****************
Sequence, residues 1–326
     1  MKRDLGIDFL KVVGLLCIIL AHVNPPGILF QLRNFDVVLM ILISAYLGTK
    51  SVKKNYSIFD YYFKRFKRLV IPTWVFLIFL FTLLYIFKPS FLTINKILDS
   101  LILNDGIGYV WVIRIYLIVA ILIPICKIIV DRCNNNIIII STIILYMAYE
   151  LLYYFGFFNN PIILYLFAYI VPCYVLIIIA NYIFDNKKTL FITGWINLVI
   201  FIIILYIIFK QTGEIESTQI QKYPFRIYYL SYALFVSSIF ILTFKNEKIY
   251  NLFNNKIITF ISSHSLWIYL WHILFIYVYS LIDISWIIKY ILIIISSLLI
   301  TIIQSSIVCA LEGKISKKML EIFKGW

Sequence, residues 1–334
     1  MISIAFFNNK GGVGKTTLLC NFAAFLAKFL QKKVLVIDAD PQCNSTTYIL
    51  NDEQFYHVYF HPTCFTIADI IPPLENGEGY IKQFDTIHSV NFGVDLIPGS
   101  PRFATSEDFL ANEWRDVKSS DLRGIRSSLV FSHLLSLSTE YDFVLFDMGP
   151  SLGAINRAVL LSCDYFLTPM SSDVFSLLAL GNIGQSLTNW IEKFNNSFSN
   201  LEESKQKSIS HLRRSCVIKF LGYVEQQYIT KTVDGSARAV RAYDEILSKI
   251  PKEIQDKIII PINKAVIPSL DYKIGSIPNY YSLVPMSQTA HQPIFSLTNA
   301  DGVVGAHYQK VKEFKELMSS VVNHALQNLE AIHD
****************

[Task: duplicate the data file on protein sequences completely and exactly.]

Sequence, residues 1–326
     1  MKRDLGIDFL KVVGLLCIIL AHVNPPGILF QLRNFDVVLM ILISAYLGTK
    51  SVKKNYSIFD YYFKRFKRLV IPTWVFLIFL FTLLYIFKPS FLTINKILDS
   101  LILNDGIGYV WVIRIYLIVA ILIPICKIIV DRCNNNIIII STIILYMAYE
   151  LLYYFGFFNN PIILYLFAYI VPCYVLIIIA NYIFDNKKTL FITGWINLVI
   201  FIIILYIIFK QTGEIESTQI QKYPFRIYYL SYALFVSSIF ILTFKNEKIY
   251  NLFNNKIITF ISSHSLWIYL WHILFIYVYS LIDISWIIKY ILIIISSLLI
   301  TIIQSSIVCA LEGKISKKML EIFKGW

Sequence, residues 1–334
     1  MISIAFFNNK GGVGKTTLLC NFAAFLAKFL QKKVLVIDAD PQCNSTTYIL
    51  NDEQFYHVYF HPTCFTIADI IPPLENGEGY IKQFDTIHSV NFGVDLIPGS
   101  PRFATSEDFL ANEWRDVKSS DLRGIRSSLV FSHLLSLSTE YDFVLFDMGP
   151  SLGAINRAVL LSCDYFLTPM SSDVFSLLAL GNIGQSLTNW IEKFNNSFSN
   201  LEESKQKSIS HLRRSCVIKF LGYVEQQYIT KTVDGSARAV RAYDEILSKI
   251  PKEIQDKIII PINKAVIPSL DYKIGSIPNY YSLVPMSQTA HQPIFSLTNA
   301  DGVVGAHYQK VKEFKELMSS VVNHALQNLE AIHD